State visits galleryEdit
Polish Prime Minister Beata Szydło with David Cameron (2015)
Polish Prime Minister Beata Szydło with Kolinda Grabar-Kitarović (2016)
Polish Prime Minister Beata Szydło with Erna Solberg (2016)
Polish Prime Minister Beata Szydło with Pope Francis (2016)
Polish Prime Minister Beata Szydło with Juan Carlos Varela (2016)
Polish Prime Minister Beata Szydło with Bujar Nishani (2016)
Polish Prime Minister Beata Szydło with Angela Merkel (2017)
Polish Prime Minister Beata Szydło with Jüri Ratas (2017)
Polish Prime Minister Beata Szydło with Xavier Bettel (2017)
- "Poland country profile". BBC News. 13 December 2017. Retrieved 28 January 2018.
- "The World's 100 Most Powerful Women". Retrieved 3 November 2017.
- "Women Who Rule the World: The 25 Most Powerful Female Political Leaders 2017". Retrieved 3 November 2017.
- "Poland's president designates finance minister Morawiecki as new PM". Retrieved 9 December 2017.
- Adam Easton (26 October 2015). "Beata Szydlo: Polish miner's daughter set to be PM". BBC Online. Retrieved 29 October 2015.
- Polish Press Agency (16 November 2015). "Beata Szydło – premier" (in Polish). Archived from the original on 21 March 2017. Retrieved 5 February 2016.
- Puhl, Jan (20 October 2015). "Polish Elections: Law and Justice Party Regains Credibility by Dialing Down Rhetoric". Spiegel Online. Retrieved 28 January 2018.
- "Beata Szydło "About me" homepage". Retrieved 23 September 2015.
- "PiS picks Szydło as candidate for PM". Warsaw Business Journal. 22 June 2015. Archived from the original on 24 October 2015. Retrieved 3 July 2015.
- "Poland elections: Conservatives secure decisive win". 25 October 2015. Retrieved 25 October 2015.
- Prezydent Rzeczypospolitej Polskiej (16 November 2015). "Postanowienie Prezydenta Rzeczypospolitej Polskiej z dnia 16 listopada 2015 r. o powołaniu Prezesa Rady Ministrów" (in Polish). Kancelaria Sejmu RP: Internetowy System Aktów Prawnych.
- "Beata Szydło sworn in as new Prime Minister of Poland". Polskie Radio dla Zagranicy. Retrieved 28 January 2018.
- "Na konferencjach rządu nie będzie flag Unii Europejskiej. Beata Szydło wyjaśnia zmianę" (in Polish). Wirtualna Polska. PAP. 24 November 2015. Retrieved 21 April 2016.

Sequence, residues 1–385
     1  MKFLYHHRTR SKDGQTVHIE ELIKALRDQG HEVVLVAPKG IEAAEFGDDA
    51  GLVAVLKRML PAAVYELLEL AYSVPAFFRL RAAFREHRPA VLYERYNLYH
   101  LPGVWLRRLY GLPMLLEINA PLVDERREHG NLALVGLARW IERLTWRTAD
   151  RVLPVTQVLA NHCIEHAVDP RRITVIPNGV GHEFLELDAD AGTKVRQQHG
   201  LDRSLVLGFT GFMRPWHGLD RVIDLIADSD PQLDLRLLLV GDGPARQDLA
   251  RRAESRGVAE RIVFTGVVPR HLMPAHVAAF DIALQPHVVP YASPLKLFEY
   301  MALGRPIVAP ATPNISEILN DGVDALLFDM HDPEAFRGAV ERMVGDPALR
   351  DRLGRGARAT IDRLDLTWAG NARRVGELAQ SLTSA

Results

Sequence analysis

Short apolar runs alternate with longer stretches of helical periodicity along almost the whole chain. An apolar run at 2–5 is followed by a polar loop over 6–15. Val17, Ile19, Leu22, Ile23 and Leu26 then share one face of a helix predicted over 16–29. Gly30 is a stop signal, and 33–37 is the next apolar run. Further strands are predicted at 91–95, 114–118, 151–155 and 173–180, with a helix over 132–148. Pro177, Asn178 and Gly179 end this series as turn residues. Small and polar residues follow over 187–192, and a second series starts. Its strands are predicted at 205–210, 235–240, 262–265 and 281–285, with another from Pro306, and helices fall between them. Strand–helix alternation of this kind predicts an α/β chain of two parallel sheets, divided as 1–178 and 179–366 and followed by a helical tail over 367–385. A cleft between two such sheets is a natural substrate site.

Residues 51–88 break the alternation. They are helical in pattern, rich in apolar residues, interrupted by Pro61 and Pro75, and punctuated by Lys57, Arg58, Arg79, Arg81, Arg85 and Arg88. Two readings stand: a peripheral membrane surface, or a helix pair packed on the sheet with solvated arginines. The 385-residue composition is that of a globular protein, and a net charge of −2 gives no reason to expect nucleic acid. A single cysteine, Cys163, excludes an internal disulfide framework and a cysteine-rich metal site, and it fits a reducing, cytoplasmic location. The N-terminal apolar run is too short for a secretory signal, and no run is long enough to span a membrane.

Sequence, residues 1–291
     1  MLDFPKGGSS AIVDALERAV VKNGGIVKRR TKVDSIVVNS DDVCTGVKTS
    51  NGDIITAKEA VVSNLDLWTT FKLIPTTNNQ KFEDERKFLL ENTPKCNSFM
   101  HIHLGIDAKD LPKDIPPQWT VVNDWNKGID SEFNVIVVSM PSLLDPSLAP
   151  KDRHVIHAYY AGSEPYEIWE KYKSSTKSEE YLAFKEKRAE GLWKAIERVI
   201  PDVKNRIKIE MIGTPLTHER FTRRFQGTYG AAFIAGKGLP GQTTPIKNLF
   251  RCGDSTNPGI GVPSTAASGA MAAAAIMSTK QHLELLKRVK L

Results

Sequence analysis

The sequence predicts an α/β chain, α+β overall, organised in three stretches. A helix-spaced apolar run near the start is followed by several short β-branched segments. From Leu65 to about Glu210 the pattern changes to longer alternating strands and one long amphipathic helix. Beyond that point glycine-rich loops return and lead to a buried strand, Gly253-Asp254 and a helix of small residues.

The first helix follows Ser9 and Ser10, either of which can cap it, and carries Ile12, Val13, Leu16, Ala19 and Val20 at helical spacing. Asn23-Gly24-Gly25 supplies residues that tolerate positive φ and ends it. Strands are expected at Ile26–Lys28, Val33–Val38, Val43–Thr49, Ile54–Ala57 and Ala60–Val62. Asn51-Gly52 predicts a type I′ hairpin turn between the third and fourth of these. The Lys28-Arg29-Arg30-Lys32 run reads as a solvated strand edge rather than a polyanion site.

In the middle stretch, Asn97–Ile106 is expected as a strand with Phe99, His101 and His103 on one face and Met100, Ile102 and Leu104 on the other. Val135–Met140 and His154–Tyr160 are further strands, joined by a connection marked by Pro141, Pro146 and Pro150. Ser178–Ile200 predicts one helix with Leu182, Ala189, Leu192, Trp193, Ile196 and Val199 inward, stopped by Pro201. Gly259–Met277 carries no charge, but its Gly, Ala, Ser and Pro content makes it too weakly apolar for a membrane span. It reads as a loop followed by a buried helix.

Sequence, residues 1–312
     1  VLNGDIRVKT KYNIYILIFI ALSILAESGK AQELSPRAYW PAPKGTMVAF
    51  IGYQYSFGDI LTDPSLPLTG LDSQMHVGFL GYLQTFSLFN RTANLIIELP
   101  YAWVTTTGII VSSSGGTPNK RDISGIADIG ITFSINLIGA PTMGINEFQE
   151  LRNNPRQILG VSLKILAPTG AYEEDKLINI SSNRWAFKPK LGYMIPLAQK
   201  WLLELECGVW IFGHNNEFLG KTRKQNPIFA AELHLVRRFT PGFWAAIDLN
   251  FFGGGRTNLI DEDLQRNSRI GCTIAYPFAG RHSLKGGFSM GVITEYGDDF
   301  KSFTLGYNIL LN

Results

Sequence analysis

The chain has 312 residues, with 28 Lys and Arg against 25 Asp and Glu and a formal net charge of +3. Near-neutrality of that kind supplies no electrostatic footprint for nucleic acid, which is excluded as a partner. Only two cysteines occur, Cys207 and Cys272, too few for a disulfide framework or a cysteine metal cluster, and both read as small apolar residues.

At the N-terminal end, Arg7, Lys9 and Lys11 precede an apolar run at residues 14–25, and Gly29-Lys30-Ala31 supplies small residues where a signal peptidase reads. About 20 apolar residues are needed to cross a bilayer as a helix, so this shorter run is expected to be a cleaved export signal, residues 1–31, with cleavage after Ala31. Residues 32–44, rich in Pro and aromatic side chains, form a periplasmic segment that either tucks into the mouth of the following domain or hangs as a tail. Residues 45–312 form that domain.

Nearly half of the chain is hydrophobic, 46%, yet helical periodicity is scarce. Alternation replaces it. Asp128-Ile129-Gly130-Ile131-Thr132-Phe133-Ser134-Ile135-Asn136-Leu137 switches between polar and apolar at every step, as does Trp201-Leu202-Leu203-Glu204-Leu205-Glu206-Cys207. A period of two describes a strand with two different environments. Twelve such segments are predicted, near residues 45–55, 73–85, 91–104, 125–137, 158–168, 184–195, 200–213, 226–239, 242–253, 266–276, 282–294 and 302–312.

- "Krzyż zamiast zegara - nowe porządki w sali posiedzeń Rady Ministrów". TR (in Polish). Onet.pl. 9 December 2015. Archived from the original on 5 May 2016. Retrieved 21 April 2016.
- Smith, Alex Duval (26 October 2015). "'The name is Szydło, Beata Szydło': Poland's PM in waiting emerges from obscurity". the Guardian. Retrieved 28 January 2018.
- "Poland's 'paralysis' of top court is 'danger to democracy' – European Parliament". Retrieved 22 August 2016.
- "European Parliament scolds Poland". 13 April 2016. Retrieved 22 August 2016.
- "Poland hints that the UK will have to soften its hard line on immigration during Brexit talks". Business Insider. Retrieved 28 January 2018.
- "Prime Minister Beata Szydło: NATO Summit was Poland's huge success". www.msz.gov.pl. Retrieved 28 January 2018.
- Grzymala-Busse, Anna (12 December 2017). "Analysis | Poland's right-wing government has a new prime minister. Here are the 5 things you need to know". Washington Post. ISSN 0190-8286. Retrieved 28 January 2018.
- "Polish PM involved in Jerusalem pile-up". Times of Israel. 21 November 2016.
- "Polish prime minister hurt in car crash but prognosis good". AP. 10 February 2017.
- "Man charged in car crash that injured Polish prime minister". AP. 14 February 2017. Archived from the original on 17 February 2017. Retrieved 16 February 2017.
- "Poland's PM attends first Mass celebrated by her son". ABC. 28 May 2017. Archived from the original on 29 May 2017. Retrieved 29 May 2017.
- "Beata Szydło modli się o zwycięstwo! ZDJECIA tylko na SE.pl" (in Polish). Super Express. 21 June 2015. Retrieved 21 April 2016.
|Wikimedia Commons has media related to Beata Szydło.|
| Prime Minister of Poland